13. To show you what a tone-deaf interviewer I was decades ago, this is the most interesting thing in the whole conversation, and I skipped over it. Suzi — her name is spelled with a “Z” in the song, and in an official Randy Vanwarmer FB post, but CBS News spelled it “Susie” — was a PR rep at Bearsville Records, who was probably assigned to work with Randy on publicity for his third album, The Beat of Love. And he wrote a song about her that included the line, “If she catches your eye/God help you/ You’ll have to run and die/ Not to love her.” They weren’t even dating yet, they’d just met, and she’s publicizing the first single, which is about how much he loves her. That’s an amazing rom-com story. And also incredible cringe comedy. Did they talk about it? I want to know more. I didn’t even ask him. I still want to know about it, but Suzi, who has since remarried to a man named Steven Kimmons, isn’t replying to my messages. ↩︎
  14. This is me being full of it, right here. “Ok, right,” I say, as though I knew who the producer was on Patsy Cline’s records. I didn’t. I feel bad that I lied to Randy. ↩︎
  15. Laura Brannigan’s debut album, Brannigan, was a gold record and a phenomenon. Randy’s song, “Down Like a Rock,” from Terraform, is about a man drowning in a swimming pool; in his last moments, he wonders if someone pushed him, and he wonders if his wife is laughing while he drowns. It’s a very strange, eery and grimly funny song, and many many people have listened to it on Laura Brannigan’s record. ↩︎
  16. I really didn’t like that first album. I like the aching sincerity of ‘Just When I Needed You Most,’ but the rest of it I thought was kind of difficult for me to listen to. It was amazing to me to see someone go from that first popular record to an unappreciated masterpiece, “Terraform.” ↩︎
  17. Gardner writes, of the album as a whole, “The rest of the album is the kind of upbeat, catchy pop Vanwarmer seems to be able to write at will, although tracks like ‘Always Night’ and ‘Babel/Don’t Hide’ have considerable gravity to their lyrics. Even at his poppiest, as on the bubbly ‘Amen,’ Vanwarmer injects biting cynicism: ‘Give us your money/We will pray for you/Everybody say “Amen”.’ Allusions to spirituality on several tracks suggest that it’s as important to Vanwarmer as romance, and that he’s skeptical of either working out. Some of his best songs here have lyrics that suggest a disposition at odds with the music’s sunniness. Along with his own songwriting, Vanwarmer shows good taste in outside material. His version of McGuinness Flint‘s infectious ‘When I’m Dead and Gone’ is, like much of the album, an upbeat number with bleak lyrics. While this isn’t the music Randy VanWarmer’s known for, The Beat of Love may be his best work.” ↩︎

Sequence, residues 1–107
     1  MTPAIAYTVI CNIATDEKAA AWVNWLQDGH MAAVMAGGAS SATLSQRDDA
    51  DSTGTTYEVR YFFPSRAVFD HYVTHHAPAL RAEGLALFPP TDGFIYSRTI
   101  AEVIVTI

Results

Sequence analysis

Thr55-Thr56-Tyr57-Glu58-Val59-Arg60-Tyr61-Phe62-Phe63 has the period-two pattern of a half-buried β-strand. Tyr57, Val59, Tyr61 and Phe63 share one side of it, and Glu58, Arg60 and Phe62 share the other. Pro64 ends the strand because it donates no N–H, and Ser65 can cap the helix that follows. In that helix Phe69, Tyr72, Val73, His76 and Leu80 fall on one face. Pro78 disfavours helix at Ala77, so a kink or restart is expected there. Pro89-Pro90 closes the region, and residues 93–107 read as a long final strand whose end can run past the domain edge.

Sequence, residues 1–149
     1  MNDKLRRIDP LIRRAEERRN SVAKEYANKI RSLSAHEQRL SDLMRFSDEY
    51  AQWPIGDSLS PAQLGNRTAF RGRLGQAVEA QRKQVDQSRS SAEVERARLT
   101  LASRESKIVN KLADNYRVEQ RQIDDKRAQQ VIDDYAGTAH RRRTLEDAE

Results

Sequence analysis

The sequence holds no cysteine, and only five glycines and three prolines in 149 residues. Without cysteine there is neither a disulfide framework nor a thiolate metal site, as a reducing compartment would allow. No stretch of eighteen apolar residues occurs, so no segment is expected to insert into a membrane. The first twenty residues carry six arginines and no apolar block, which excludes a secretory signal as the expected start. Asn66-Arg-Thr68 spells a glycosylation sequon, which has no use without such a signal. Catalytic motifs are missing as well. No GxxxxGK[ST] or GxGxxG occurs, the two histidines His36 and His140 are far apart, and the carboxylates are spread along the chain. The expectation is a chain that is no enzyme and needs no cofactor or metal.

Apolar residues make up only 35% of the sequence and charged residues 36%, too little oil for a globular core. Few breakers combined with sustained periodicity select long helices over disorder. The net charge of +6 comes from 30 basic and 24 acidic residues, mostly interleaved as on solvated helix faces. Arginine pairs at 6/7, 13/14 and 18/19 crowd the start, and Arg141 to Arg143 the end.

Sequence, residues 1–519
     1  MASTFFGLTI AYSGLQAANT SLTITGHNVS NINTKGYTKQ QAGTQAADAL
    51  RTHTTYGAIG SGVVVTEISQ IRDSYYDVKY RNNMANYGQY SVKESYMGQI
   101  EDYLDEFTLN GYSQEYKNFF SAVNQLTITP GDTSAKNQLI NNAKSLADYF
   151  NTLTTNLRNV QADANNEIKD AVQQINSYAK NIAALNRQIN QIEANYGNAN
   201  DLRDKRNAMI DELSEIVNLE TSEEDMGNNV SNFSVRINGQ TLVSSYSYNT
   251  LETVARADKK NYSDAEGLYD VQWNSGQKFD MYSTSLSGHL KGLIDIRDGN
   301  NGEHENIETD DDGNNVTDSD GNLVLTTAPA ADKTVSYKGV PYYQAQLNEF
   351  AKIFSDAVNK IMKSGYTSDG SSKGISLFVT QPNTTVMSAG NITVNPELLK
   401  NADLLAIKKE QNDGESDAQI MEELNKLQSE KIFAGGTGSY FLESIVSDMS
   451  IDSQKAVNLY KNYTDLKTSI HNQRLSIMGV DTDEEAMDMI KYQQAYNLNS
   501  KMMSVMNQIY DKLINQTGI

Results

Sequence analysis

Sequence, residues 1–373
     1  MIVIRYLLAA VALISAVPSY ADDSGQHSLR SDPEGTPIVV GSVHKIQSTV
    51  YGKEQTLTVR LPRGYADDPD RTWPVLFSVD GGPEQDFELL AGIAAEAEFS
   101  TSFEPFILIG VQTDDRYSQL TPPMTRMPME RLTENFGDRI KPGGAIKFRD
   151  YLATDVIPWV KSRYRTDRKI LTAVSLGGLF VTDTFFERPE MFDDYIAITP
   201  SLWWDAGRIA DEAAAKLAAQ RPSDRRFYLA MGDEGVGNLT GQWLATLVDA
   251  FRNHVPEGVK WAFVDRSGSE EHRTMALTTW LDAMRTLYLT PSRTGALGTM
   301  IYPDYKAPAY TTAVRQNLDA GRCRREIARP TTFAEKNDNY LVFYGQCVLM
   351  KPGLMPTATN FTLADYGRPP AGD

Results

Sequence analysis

18. Winchester made numerous records over many decades before his death in 2014, and, like Randy, had hits mostly as a songwriter. He was greatly respected in the industry, and before his death a tribute album featured performances by James TaylorLyle LovettLucinda WilliamsRosanne Cash and Jimmy Buffett. ↩︎
  19. I talked to a guy from the record company around the time of this interview, who really seemed excited about the trio. Then I spoke to Suzi for some reason a while later, as I recall, who told me that the trio wasn’t moving forward. I’ve always regretted that. Both Pearson and Dean are alive and well, and I’ve reached out to them for their recollections, but no word yet. ↩︎
  20. The only thing I can think of here is a band called Dick York is Not Dead, which was in a long-ago unpublished novel I wrote, and then threw away because it was terrible. For some reason, I’m inflating that in the interview into a bunch of great names that I’ve got for bands. ↩︎
  21. The book was rejected by every publisher that year, but always filled with praise. My agent, Jonathan Matson, died. Finally, in the 2010s, I signed a contract to publish it under a different title and a pen-name. After years of not publishing it, the publisher recently returned the rights to me. So it’s on the market again. Very amusing that my life seems not to have changed in the 34 years since Randy and I spoke. Like back then, I’m still looking for a publisher for Dirty Money. ↩︎
  22. Seems Randy is not really being entirely ingenuous here. Serendipity gave him some massive hits as a songwriter on the country charts, and the biggest, “I’m in a Hurry,” was yet to come. He was following the money. There’s nothing really wrong with that, because he was an amazingly talented songwriter and performer. Why not go where he was most appreciated at the time? ↩︎
  23. This really sounds interesting, and given Randy’s talent and skill, and Pearson and Dean’s experience, we hope that the tapes of this recording session exist somewhere. ↩︎
  24. In 1990, I wrote, “Well, the song hardly covers new ground: he sings of standing outside his house in the rain, waiting hopelessly for his girl to come back. But he’s an extremely talented songwriter, and he has a flexible, expressive voice.” ↩︎
  25. His brother Ron is still married to Hester, and they still live in Woodstock. ↩︎
  26. I was walking through Penn Station in 1984 or 1985, and for some reason I was carrying that record under my arm. A guy came up and asked me if that was me. ↩︎